Peppered across campus, sculptures at Bradley tend to be taken for granted by students on a day-to-day basis, but the grounds crew works to keep the art preserved.
What some students seem to forget is these sculptures don’t just exist. There is so much more that goes into the sculptures than just to make the campus aesthetically pleasing.
“No one really stops to look at the sculptures,” junior theatre performance major Ben Scarbrough said. “They’re kind of like background noise.”
Bradley has more than 10 different sculptures around campus. However, many people don’t know where they are located, let alone who created them.
“I could name two, maybe three of them,” Scarbrough said. “Most people don’t know which buildings are which, let alone the sculptures.”
Whether or not you know the colorful one in front of Baker Hall is called the “Soybean” or Lydia Moss Bradley is considered by campus officials as a sculpture, most people don’t realize the work that goes into these sculptures after they are in place.
Grounds Supervisor Stan Glazier and his crew are in charge of maintaining the sculptures around campus.
“We try to clean them twice a year – once in the spring and once in the late fall,” said Glazier. “Sometimes we have to do some touchups throughout the year.”
Cleaning the sculptures includes everything from keeping up the paint jobs on some to buffing up tarnished metal to making sure the metalwork is maintained.
“We have to check on the welds on the sculpture in front of the library rather than keep up the paint, as it is all sealed,” Glazier said. “We even give Lydia a good buff with some Carnauba wax every once and awhile.”
However, Glazier is not alone in his endeavors. Working with the Art Department, some student artists maintain the sculptures around Heuser Hall.
Junior graphic design major Dan Colgan said for students, the sculptures should have a resounding purpose.
“These sculptures serve to inspire students and to spark creativity in their every day pursuit as an artist,” he said. “We need to keep them up.”
Along with that help, some of the original artists still come in under a contract and maintain their sculptures.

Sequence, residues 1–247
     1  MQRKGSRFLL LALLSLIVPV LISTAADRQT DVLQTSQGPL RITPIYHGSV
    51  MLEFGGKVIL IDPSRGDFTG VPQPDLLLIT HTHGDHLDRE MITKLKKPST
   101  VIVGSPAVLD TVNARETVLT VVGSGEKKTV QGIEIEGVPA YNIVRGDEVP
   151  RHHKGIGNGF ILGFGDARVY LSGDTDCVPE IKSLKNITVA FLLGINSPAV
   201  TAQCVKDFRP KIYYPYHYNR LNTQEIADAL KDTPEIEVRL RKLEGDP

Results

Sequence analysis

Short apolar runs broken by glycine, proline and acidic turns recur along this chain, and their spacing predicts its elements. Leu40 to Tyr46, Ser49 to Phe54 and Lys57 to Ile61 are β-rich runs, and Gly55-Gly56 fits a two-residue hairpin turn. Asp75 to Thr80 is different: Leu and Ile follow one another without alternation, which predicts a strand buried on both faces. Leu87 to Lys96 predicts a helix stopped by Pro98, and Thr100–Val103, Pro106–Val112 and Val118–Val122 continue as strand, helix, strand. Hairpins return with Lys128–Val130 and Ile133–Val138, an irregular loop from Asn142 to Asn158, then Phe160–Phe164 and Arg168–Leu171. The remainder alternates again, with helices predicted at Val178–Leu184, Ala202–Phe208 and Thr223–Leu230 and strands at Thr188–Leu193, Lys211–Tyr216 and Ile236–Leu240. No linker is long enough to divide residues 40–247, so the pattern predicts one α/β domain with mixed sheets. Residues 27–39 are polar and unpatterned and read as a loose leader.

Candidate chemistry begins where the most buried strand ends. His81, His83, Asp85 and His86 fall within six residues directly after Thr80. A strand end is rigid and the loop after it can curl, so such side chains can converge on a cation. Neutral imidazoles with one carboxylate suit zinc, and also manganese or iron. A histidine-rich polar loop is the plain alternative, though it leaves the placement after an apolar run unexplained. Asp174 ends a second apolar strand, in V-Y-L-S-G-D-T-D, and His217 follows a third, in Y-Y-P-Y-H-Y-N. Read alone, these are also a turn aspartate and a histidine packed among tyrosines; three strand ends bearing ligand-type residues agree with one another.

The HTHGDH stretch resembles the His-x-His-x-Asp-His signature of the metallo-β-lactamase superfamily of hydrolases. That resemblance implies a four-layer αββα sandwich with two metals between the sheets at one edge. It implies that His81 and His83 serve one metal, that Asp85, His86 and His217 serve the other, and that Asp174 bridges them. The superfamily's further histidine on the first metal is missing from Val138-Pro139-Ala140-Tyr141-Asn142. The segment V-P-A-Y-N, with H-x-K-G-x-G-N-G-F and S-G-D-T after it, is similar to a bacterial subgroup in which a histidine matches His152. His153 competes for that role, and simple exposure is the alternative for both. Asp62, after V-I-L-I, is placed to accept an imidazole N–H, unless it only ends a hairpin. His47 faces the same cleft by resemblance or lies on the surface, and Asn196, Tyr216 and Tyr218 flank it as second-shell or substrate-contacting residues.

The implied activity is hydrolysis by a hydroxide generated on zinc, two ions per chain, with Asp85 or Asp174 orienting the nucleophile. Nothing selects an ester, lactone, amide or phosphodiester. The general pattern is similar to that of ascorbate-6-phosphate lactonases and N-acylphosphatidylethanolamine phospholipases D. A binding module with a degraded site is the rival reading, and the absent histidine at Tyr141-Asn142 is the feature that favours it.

Glazier said sculptor Nita Sunderland, who created “Reclining Woman” in front of the Hartmann Center and “Birds of Prey” near the admissions office, comes in do maintenance on her work.
Colgan said the sculptures help to distinguish Bradley, having such a unique aspect to campus attraction.
“The sculptures become familiar to potential freshmen during college visits,” Colgan said. “We all remember the sculpture that spells out Bradley by observing it from different viewpoints.”
Glazier said the sculptures emphasize the pride Bradley has in cultural diversity.
“I really think it brings diversity and it shows that we stress our Art Department,” he said. “Its just another cultural issue that we take part in. With the number of sculptures that we have here, we are quite a bit ahead of some of the other bigger campuses out there.”
Concrete pads have been added in front of a few campus buildings in hopes that new and rotating sculptures can come to campus, Glazier said.
Scarbrough said he thinks student artwork would be a great addition to the campus feel.
“Why guest sculptures? Why not students’ sculptures? That would be a vast improvement,” he said.
Scarbrough said the arts are important, but student work would help improve Bradley’s identity.
“As it stands now, Bradley kind of floats in an unknown identity, an amalgamation of the identities one could find on campus,” he said.
Some artwork, including the newly added sculpture behind the Michel Student Center, include student contributions. That piece happened to be a co-op venture with another school.
“I think there are some new sculptures on their way in,” Glazier said. “We may see in the next year or so a few new sculptures start to pop up and really make our campus welcoming.”